Fertiliser prices, according to a World Bank analysis in May, are expected to remain higher for a prolonged period following a rise of nearly 30 percent since the start of 2022 – after the 80 percent price surge last year.
The report, titled World Bank Commodity Market (May), says surging input costs, supply chain disruptions caused by sanctions in Belarus and Russia, and export restrictions by China which have no certainty regarding when they will abate are the factors that will keep prices of fertiliser high.
China has suspended the export of fertiliser until at least July 2022, to ensure domestic availability.
This, coupled with rising natural gas prices – especially in Europe – is contributing to widespread production cutbacks in ammonia, an important input for nitrogen-based fertiliser.
Similarly, soaring prices of coal in China – the main feedstock for ammonia production there – forced fertiliser factories to cut production, which contributed to the increase in urea prices. Higher prices of ammonia and sulphur have also driven up phosphate fertiliser prices.
Urea prices, the report said, have surpassed their 2008 peak – while phosphates and potash prices are inching closer to 2008 levels, with lasting concerns around fertiliser affordability and availability which have been amplified by the conflict in Ukraine.
Global fertiliser consumption has remained strong throughout the COVID-19 pandemic. Brazil and the United States have allocated record acreage to soybean – a fertiliser-intensive crop.
Demand is also strong in China due to increased feed use, especially maize and soybean meal, as the country is rebuilding its hog-herd population following the African swine fever outbreak.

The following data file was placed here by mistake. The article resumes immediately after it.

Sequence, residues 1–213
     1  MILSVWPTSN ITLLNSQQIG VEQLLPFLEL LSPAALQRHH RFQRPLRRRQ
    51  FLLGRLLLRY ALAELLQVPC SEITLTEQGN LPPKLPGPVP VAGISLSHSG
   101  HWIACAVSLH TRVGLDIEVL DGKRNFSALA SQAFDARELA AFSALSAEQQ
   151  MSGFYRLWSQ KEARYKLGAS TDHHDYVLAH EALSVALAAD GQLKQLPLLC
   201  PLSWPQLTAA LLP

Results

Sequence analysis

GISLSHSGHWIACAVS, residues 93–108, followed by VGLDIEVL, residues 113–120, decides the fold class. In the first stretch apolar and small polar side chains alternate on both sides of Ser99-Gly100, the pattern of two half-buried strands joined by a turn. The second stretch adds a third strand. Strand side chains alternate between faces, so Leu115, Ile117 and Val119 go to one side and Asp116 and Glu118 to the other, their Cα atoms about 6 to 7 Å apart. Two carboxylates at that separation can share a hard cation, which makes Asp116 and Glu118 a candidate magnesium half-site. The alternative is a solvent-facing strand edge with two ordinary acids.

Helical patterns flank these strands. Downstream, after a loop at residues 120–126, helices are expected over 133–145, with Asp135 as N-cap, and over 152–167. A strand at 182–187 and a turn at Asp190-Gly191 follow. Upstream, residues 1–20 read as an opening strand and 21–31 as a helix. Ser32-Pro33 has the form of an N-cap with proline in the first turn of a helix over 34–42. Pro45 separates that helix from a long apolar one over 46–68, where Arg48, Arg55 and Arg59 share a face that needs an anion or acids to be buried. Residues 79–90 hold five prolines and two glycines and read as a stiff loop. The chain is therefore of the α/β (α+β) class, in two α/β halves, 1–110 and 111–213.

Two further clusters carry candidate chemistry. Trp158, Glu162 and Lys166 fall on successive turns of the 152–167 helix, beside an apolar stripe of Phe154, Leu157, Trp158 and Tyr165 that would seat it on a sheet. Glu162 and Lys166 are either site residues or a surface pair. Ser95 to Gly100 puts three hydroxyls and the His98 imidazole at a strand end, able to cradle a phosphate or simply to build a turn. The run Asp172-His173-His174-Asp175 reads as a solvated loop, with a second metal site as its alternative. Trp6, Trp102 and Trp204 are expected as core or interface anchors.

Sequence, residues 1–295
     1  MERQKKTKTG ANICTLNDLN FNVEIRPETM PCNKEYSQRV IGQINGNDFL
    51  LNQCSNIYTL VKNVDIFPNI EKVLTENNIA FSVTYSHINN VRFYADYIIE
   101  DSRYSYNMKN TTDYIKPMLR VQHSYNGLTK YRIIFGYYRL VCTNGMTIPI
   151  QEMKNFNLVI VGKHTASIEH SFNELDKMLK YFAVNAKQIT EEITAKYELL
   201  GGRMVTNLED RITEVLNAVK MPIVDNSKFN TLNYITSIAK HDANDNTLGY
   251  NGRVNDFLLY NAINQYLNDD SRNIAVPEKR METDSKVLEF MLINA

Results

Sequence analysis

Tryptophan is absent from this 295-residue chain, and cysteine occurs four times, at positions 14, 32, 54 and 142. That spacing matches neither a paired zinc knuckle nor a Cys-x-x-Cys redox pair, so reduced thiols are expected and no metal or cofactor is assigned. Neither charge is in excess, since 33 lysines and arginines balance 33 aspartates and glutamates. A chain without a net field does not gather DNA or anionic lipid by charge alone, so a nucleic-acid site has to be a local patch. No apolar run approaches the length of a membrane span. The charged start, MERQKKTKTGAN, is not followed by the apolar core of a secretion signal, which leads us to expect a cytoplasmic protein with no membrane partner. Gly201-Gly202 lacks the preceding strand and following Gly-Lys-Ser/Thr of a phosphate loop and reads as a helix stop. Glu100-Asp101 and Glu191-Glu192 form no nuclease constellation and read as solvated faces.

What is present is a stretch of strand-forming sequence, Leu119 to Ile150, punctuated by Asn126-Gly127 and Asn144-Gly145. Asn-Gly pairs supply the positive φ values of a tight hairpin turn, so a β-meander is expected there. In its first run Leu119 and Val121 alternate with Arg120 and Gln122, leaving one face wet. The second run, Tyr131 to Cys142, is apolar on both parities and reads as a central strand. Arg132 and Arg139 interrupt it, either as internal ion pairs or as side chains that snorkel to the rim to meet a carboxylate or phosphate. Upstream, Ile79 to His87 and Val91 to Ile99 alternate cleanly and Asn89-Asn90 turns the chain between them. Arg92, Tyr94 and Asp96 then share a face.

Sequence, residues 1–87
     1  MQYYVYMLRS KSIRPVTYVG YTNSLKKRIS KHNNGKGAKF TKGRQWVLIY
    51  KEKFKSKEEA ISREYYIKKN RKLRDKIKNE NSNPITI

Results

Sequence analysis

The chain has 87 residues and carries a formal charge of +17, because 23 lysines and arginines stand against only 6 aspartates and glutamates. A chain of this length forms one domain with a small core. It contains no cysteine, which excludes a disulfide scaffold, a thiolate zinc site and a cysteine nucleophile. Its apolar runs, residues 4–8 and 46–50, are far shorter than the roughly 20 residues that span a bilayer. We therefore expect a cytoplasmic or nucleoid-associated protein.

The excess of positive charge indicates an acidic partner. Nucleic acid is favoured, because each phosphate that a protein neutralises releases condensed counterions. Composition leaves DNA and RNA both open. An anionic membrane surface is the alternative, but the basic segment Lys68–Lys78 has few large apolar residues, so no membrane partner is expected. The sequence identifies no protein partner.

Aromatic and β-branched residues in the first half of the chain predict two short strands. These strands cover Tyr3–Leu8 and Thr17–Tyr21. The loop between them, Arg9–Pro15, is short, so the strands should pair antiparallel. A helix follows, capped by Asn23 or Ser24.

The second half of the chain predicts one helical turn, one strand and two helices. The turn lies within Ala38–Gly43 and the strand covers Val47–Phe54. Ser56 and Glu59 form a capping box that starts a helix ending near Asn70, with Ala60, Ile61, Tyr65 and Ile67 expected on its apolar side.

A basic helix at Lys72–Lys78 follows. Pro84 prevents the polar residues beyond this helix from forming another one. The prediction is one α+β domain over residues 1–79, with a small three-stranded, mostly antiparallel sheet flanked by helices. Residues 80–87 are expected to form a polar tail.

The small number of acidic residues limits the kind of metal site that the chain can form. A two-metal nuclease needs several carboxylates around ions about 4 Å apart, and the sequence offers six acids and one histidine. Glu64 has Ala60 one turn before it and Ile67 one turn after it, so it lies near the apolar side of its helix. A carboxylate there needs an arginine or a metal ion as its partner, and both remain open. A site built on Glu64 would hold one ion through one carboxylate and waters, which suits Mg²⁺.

Fertiliser is now at its least affordable level since the 2008 global food crisis despite higher crop prices, which may limit fertiliser use.
Locally, the Ministry of Food and Agriculture has already asked farmers to brace up for the uncertainties posed by global happenings in regard to fertiliser cost and supply.
However, the government – through the support of private sector players including Zoomlion – is gearing up to produce organic fertiliser in large quantities to contain the shocks of possible shortage and price inflation.
The minister, Dr. Owusu Afriyie Akoto, on a recent tour of the Ashanti Region called on farmers to adopt locally produced organic compost for their farms to boost crop yields in the country.
He expressed satisfaction with the private sector initiative to transform the industry and produce mass organic fertiliser amid the global shortage.
Government, he indicated, is ready to adopt the organic fertiliser manufactured and supplied by indigenous Ghanaian companies to solve the fertiliser shortage problem.
COCOBOD in April this year appealed for farmers to consider the use of organic matter and poultry manure as alternatives due to the global shortage and likely disruption in the supply of fertiliser.
Source: Business and Financial Times